Every religion or ideology has its way of setting the conscience of its adherents. Sometimes there is a written law, as in the Old Testament. Or our conscience settings may be based on a system of traditions: "This is the way we have always done it." Or there can be attitudes of praise and disapproval, rewards and punishments.
The oldest and best way of working at our conscience setting is by the Ten Commandments. They give us ten universal categories of moral choice. In all societies at all times people inevitably make judgments about right and wrong in relation to God, the rites of religion, hypocrisy, work and rest, parents, murder, marriage, stealing, false witness, and greed.
Unfortunately many go through life never even considering these questions let alone arriving at a firm moral commitment. They live by a confused mix of instincts, emotional reactions, superficial judgments about others, and a vague diffused feeling of guilt. And because there is no clear commitment to right and wrong, there can never be a genuine sense of being forgiven.
How do the Ten Commandments function as categories of moral choice? Inevitably we make judgments about the behaviour of others. And if we are honest we will apply the same standards to ourselves. If I have condemned someone else for stealing my bicycle, murdering a friend, or getting an innocent person into trouble by false witness, I have already taken a stand about three of the Ten Commandments. As Jesus said, we tailor our own moral standards by the way we judge others. "With the judgment you pronounce you will be judged, and the measure you give will be the measure your get" (Matthew 7:2).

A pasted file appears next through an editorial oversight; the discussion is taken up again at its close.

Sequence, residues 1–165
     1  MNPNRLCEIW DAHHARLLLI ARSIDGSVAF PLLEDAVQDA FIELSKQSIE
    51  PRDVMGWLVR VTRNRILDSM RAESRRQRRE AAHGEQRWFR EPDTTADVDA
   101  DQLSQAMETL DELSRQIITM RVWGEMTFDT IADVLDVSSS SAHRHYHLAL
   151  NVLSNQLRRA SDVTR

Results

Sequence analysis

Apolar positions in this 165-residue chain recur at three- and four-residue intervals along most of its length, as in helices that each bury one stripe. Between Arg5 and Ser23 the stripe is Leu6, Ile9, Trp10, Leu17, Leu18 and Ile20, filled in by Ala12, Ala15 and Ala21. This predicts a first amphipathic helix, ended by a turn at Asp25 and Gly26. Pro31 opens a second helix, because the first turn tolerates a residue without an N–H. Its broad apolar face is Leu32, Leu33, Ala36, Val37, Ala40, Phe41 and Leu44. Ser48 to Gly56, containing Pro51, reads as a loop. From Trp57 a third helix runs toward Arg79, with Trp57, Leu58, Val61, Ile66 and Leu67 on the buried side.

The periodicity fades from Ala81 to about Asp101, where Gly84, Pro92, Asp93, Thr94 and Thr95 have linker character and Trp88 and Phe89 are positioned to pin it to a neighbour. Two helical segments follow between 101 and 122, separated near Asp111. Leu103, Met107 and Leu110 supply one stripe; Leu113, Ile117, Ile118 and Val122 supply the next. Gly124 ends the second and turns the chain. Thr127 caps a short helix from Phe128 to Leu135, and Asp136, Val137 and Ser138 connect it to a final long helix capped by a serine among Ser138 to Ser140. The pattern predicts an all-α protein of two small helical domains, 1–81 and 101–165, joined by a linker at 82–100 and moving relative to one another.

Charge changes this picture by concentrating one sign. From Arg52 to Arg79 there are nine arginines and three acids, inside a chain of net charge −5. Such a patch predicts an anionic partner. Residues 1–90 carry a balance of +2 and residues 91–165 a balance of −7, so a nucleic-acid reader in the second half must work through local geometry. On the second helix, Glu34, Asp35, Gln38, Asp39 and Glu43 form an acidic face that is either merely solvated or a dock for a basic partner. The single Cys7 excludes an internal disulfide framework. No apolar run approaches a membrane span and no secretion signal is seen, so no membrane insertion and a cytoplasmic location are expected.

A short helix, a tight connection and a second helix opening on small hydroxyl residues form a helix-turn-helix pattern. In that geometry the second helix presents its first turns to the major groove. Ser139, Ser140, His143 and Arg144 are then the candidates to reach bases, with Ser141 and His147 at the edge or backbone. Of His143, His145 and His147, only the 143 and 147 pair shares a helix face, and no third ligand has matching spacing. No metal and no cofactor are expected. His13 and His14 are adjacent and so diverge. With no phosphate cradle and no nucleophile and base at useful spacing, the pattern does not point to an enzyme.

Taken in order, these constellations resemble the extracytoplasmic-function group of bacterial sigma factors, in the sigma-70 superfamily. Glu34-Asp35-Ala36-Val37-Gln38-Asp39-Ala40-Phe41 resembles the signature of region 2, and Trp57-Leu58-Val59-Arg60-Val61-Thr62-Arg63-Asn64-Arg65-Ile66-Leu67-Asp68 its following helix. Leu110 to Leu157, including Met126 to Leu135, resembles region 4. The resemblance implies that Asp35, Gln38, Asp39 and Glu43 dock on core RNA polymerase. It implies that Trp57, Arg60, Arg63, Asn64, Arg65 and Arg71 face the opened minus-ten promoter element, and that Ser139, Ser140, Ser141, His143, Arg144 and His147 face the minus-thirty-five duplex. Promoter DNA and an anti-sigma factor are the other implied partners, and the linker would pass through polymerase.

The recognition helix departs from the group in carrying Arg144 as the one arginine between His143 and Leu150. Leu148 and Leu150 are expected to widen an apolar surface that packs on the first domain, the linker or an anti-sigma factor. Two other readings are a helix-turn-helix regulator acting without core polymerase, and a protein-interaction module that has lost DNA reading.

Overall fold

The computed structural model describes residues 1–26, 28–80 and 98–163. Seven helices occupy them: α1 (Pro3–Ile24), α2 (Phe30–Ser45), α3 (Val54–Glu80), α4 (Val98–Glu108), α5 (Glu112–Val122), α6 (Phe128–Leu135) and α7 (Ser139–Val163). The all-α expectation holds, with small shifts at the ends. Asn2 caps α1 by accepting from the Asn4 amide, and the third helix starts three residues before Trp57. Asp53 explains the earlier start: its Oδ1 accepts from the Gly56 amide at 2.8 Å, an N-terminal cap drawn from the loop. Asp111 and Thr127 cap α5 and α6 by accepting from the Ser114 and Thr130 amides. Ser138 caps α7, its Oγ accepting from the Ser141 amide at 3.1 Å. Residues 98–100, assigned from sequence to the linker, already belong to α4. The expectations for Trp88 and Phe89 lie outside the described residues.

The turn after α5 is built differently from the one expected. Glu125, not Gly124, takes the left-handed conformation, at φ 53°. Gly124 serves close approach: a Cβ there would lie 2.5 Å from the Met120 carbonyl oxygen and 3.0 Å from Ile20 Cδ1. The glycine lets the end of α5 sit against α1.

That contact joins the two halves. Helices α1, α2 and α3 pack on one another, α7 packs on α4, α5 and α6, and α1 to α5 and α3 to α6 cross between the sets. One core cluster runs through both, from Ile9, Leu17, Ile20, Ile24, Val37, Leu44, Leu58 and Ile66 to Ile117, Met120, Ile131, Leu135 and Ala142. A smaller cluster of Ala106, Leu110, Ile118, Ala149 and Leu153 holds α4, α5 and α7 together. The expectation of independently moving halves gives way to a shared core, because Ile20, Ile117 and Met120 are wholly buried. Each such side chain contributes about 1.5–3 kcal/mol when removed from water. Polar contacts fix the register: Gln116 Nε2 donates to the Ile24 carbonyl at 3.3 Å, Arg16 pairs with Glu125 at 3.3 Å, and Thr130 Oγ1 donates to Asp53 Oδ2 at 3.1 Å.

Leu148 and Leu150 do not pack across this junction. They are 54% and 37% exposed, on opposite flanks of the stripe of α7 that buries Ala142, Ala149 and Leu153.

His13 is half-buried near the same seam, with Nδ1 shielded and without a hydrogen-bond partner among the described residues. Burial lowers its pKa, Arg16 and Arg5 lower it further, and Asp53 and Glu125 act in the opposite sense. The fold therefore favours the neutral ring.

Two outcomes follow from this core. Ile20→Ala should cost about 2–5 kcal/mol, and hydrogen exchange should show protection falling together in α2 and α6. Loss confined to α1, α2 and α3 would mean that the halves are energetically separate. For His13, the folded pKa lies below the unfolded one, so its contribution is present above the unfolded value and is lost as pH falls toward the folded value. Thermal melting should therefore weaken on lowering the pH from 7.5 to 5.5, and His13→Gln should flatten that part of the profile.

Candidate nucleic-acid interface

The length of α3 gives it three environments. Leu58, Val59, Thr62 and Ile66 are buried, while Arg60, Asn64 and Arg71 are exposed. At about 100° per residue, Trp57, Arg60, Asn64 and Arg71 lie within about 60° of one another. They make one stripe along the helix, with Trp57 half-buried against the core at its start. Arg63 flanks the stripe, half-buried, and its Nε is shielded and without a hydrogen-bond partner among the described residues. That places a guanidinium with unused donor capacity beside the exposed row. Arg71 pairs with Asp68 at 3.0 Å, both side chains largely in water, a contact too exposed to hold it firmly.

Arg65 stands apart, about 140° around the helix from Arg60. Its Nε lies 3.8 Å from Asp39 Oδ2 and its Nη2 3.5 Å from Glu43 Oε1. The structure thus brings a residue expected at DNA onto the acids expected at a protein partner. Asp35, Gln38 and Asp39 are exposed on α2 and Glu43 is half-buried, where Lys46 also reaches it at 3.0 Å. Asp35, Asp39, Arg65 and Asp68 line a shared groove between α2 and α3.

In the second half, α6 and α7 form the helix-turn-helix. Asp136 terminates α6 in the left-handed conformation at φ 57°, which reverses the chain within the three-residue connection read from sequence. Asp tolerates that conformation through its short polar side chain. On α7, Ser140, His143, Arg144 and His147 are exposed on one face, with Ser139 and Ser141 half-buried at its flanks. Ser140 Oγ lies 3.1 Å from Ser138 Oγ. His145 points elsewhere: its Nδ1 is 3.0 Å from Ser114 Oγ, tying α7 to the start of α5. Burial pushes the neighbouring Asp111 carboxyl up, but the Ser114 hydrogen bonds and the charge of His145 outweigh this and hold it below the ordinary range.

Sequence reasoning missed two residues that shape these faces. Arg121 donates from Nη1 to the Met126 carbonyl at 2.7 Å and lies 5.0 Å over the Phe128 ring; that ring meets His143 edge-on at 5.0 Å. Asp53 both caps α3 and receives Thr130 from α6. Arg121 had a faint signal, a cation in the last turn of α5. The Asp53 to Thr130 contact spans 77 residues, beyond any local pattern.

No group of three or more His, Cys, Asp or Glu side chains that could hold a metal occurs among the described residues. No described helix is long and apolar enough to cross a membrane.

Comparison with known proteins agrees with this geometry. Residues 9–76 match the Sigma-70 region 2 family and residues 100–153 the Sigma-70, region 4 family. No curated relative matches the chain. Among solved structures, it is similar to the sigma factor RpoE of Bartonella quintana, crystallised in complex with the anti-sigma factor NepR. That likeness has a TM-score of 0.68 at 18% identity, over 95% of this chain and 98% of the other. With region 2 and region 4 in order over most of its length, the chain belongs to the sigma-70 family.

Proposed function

Thus in any country by the simple fact of making moral judgments about the behaviour of others ordinary people have already adopted for themselves half a dozen of the ten commandments as categories of moral judgment. But, if they condemn others for behaviour which they themselves engage in, a subconscious contradiction is set up. And the inconsistency will produce a vague sense of guilt without knowing why.
This is why the best preparation for being a moral person, is for children to be taught the Ten Commandments. If they can then discuss and think through their own commitment under each category, there is a sense of integrity. This is a vital component of living without guilt.
That was one of the great values of the Judeo-Christian heritage. It did not deny the freedom of young people to reject their parents' s interpretation of one or more of the ten commandments, but they could do it consciously rather than in a fuzzy, hit and miss kind of way. Moral education does not increase our sense of guilt, but rather helps us to focus it. And if we can then receive forgiveness from God, guilt is resolved and we are free to live our lives with integrity and freedom.
The problem is that each of the Ten Commandments need a huge amount of interpretation to fit them to the nitty gritty situations of our lives. We explore that in the next chapter.